When you get sick and take antibiotics, you might have heard that your internal “good” bacteria get wiped out and that you have to replenish your gut flora with probiotics.
You may even remember your old friend by name, Lactobacillus acidophilus.
L. acidophilus a few of his buddies are going to help our cashew cream turn into sour cream.
The word ‘lactic’ might make you think of dairy, but there is no milk in this process.
The probiotics eat sugars and leave behind lactic acid and some CO2. It happens in dairy with yogurt and cheese. It happens with sauerkraut and kimchi. It happens in cashew cream too!
And all you need to know is that the cashew cream that tasted like blended up cashews and water sits overnight and magically thickens and tastes like sour cream in the morning.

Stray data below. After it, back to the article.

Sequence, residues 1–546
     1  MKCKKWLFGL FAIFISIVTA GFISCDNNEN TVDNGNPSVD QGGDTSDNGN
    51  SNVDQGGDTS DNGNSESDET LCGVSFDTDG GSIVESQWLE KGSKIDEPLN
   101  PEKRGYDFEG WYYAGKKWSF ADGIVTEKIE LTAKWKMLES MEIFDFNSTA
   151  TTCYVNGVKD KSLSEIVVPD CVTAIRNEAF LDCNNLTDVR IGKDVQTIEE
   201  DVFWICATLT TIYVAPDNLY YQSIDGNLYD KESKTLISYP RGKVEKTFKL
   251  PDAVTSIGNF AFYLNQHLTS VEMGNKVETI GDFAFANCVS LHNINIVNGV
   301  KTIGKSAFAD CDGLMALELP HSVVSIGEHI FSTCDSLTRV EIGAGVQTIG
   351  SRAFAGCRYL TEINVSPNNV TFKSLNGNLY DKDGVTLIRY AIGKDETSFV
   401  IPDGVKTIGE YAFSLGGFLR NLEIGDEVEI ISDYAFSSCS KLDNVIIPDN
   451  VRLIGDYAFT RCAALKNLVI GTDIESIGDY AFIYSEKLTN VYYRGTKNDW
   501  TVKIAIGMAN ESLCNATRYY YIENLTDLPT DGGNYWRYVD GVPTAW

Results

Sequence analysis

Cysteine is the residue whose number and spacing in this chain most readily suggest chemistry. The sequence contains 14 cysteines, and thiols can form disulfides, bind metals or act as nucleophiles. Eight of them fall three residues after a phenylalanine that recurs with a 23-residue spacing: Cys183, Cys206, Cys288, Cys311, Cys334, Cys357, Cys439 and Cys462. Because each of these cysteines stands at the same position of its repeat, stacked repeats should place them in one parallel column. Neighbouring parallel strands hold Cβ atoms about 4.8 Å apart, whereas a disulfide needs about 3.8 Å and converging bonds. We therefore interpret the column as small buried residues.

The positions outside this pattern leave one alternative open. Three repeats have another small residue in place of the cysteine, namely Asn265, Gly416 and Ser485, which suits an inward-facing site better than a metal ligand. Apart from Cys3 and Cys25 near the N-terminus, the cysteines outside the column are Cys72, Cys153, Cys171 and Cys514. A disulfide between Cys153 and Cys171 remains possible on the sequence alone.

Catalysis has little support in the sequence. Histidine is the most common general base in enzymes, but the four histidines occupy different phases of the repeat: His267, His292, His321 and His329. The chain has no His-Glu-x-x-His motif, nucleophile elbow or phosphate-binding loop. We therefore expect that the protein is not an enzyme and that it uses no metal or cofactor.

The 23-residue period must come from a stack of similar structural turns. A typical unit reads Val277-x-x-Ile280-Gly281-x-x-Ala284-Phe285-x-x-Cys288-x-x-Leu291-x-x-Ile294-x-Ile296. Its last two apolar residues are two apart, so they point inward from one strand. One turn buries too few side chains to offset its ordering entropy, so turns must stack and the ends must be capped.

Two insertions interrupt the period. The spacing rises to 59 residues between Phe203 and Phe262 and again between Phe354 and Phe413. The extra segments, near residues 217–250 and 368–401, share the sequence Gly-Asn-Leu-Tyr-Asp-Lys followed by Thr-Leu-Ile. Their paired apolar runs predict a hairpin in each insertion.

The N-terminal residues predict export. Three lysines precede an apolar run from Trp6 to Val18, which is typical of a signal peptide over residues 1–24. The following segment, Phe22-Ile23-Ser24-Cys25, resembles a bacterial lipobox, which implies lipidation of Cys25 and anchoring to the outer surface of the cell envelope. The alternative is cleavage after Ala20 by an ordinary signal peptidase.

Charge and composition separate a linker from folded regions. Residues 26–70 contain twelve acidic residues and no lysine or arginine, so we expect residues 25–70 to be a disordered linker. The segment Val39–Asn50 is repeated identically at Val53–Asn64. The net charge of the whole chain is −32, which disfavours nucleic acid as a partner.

The Vegan Sour Cream Process
There is very little action on your part to make vegan sour cream. The probiotics do all of the heavy lifting.
First you soak your cashews in water overnight.
The next day, you blend them in your Vitamix with as much water as you need to get them flowing, smooth, and creamy. As it’s whizzing around in there, you add the powder from one probiotic capsule. Just open up the capsule and add the contents to the blending cream.
Scoop everything out of the blender and into a Mason jar.
Feel free to take a taste from your spoon.
Not very impressive, right? Don’t panic, you’re doing it right. I promise.